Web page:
One thing common to these cases is that the dogs were fed with Dogo food of the Tukuma Straume company, which is quick to deny any cause-and-effect between dogs eating the company's food and getting sick, reported Latvian Radio Friday.
"One of the dogs has been put to sleep, while another has become disabled," dog owner Ina Forande told Latvian Radio.
The eight-year-old Odrija, a dog of Ina's relative, started vomiting its food and after a few torturous weeks the animal had to be put to sleep. Ina's dog got sick after a few weeks too.
The dogs' symptoms were very similar, and they had one extra thing in common - what they ate. The two were fed with the Dogo label food produced by the Tukuma Straume company.
Ina said that she called the veterinarian when she realized the connection and asked whether food could be behind the disease. The veterinarian contacted other dog owners to inquire about what their dogs ate. Ina started giving different food to her dog, and her dog eventually got better.
In May veterinarians responded, asking to start research on the disease, and the Agriculture Ministry gave to the BIOR institute €10,000 for the task. A research force led by Ilze Matīse set to work, however, according to Matīse, about eight dogs enter veterinary hospitals with similar symptoms.
The exact causes of the disease haven't been found out yet. BIOR is also reluctant to name the Dogo food as the cause of the disease.
"One of the risk factors is dog food of a particular brand. 94% of the dogs with the symptoms ate that food. We are checking the food, however we haven't found anything that could allow finding out the cause of the disease in it. Still, 94% is a very high number," she said, without naming the brand.
In order to ascertain the causes, researchers use groups of control dogs in an inquiry that should have ended in December.
Next week BIOR representatives and Agriculture Ministry officials will meet to discuss further research into the disease.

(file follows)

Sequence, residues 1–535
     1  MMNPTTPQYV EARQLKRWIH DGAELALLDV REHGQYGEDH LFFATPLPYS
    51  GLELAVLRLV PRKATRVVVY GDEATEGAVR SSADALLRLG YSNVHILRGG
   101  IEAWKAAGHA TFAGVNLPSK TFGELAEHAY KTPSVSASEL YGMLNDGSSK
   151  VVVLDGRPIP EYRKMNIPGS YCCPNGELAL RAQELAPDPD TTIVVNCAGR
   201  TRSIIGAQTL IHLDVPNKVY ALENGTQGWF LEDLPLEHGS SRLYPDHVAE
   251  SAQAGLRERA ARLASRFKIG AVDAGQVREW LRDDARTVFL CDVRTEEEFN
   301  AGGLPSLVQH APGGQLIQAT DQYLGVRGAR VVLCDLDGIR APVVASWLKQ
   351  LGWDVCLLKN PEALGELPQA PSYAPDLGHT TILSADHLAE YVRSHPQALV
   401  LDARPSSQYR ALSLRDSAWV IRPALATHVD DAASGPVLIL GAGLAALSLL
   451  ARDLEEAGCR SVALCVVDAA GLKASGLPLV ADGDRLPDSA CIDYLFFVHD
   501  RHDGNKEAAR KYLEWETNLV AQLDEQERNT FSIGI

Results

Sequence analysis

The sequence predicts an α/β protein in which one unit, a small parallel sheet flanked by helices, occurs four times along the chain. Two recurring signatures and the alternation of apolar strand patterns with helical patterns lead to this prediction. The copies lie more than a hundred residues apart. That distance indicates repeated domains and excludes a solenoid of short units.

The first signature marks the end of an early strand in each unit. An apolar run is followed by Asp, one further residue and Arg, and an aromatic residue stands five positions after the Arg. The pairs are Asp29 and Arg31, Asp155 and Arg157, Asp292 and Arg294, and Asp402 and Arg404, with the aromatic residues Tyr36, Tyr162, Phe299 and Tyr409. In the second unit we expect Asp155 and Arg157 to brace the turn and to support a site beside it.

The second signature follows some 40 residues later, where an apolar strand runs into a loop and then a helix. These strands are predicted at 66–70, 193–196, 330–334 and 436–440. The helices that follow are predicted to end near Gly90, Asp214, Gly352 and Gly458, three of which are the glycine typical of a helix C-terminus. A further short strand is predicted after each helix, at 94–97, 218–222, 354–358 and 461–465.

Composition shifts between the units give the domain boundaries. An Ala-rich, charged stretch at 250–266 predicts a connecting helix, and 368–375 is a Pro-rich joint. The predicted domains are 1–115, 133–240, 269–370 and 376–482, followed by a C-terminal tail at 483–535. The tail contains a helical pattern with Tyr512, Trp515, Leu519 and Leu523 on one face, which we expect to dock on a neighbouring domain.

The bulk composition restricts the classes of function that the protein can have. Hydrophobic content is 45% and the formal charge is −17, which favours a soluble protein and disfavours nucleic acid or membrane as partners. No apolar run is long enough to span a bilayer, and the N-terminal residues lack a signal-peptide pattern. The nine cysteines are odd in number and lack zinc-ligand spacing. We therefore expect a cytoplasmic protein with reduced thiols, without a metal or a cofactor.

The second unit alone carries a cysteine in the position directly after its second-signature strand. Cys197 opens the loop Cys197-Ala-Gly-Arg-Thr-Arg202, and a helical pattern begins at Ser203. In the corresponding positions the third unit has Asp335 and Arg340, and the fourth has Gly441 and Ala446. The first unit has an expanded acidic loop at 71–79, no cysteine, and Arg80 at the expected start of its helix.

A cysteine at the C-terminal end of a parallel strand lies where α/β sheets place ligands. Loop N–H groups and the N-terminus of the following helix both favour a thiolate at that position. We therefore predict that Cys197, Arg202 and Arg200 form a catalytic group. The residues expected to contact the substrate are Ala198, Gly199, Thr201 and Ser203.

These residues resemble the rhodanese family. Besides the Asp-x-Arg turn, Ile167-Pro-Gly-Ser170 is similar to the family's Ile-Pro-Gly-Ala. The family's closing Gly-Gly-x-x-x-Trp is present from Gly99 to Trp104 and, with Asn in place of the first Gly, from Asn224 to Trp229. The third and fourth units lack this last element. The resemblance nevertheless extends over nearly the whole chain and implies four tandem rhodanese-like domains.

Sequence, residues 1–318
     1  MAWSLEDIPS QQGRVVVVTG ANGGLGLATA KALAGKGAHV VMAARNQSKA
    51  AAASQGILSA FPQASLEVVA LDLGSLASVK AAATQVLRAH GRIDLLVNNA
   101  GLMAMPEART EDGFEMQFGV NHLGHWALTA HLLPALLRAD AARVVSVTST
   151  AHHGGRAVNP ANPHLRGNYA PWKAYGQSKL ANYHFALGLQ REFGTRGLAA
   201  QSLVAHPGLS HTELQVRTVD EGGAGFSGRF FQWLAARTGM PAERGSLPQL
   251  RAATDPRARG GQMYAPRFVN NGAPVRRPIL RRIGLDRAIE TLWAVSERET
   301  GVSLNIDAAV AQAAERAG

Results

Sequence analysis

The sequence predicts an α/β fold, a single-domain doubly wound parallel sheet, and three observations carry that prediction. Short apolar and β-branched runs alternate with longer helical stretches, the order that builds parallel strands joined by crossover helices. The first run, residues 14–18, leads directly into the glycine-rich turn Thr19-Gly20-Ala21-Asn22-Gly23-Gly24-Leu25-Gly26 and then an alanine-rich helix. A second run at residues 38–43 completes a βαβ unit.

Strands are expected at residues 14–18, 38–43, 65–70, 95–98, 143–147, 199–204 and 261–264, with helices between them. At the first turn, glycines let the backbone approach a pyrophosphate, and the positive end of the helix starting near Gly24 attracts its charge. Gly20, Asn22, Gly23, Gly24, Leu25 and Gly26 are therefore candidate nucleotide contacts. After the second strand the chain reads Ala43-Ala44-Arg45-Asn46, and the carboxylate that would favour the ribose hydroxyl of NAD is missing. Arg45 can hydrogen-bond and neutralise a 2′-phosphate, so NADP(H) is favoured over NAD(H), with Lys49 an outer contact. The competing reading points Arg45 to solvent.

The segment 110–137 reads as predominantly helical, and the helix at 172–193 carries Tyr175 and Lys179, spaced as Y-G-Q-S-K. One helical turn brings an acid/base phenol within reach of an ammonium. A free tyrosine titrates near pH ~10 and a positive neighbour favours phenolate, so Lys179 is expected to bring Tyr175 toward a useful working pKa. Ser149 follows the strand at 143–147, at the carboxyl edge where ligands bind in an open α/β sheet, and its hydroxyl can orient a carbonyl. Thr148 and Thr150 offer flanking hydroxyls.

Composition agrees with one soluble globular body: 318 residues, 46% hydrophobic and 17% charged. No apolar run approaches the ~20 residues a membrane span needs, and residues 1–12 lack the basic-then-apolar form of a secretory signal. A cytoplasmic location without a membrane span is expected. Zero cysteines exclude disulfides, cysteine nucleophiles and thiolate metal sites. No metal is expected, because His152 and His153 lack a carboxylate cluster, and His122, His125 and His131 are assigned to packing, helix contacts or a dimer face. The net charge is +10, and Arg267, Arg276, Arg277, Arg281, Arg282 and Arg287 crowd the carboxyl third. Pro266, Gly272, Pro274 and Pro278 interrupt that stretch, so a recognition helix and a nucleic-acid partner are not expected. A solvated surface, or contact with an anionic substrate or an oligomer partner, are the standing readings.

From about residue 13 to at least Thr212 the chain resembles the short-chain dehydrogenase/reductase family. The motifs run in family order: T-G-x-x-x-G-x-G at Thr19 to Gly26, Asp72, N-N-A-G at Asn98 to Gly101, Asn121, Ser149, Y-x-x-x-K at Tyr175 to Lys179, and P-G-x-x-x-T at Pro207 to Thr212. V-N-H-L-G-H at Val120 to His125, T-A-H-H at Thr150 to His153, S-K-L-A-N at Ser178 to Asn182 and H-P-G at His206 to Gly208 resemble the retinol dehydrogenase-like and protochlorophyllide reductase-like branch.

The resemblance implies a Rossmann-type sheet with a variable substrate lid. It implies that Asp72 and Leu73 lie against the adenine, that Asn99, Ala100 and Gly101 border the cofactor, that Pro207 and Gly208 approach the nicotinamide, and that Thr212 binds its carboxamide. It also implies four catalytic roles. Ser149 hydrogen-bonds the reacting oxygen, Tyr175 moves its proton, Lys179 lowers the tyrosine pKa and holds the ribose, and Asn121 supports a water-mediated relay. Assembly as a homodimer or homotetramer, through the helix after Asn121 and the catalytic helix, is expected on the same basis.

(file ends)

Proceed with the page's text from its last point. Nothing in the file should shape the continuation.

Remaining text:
Tukuma Straume is adamant in denying any link between the disease and their food. When in May veterinarian Gatis Krūmiņš asked his Twitter followers not to feed their dogs with the Dogo brand food, the company allegedly called him, saying they'll take him to court.
"The talk was not a nice one. They said that it's libel and that I will be paying my whole life for these words. [..] They complained to the Ethics Committee of the Veterinarians' Association. I gave an explanation and it ended there," Krūmiņš said.
Tukuma Straume wrote Latvian Radio that Krūmiņš had engaged in defamation against the company. They wrote that some could be envious of the success of the Dogo brand, which is fed to some 12 to 20 percent of all Latvian dogs.
The Agriculture Ministry will decide whether to continue research on the disease next week. However, the Latvian Veterinarians' Association will still continue the register and describe the disease-stricken dogs.
The symptoms are vomiting during or right after food ingestion, changes in the dog's voice, as well as breathing problems. Turn to a veterinarian in case your dog has any of these symptoms.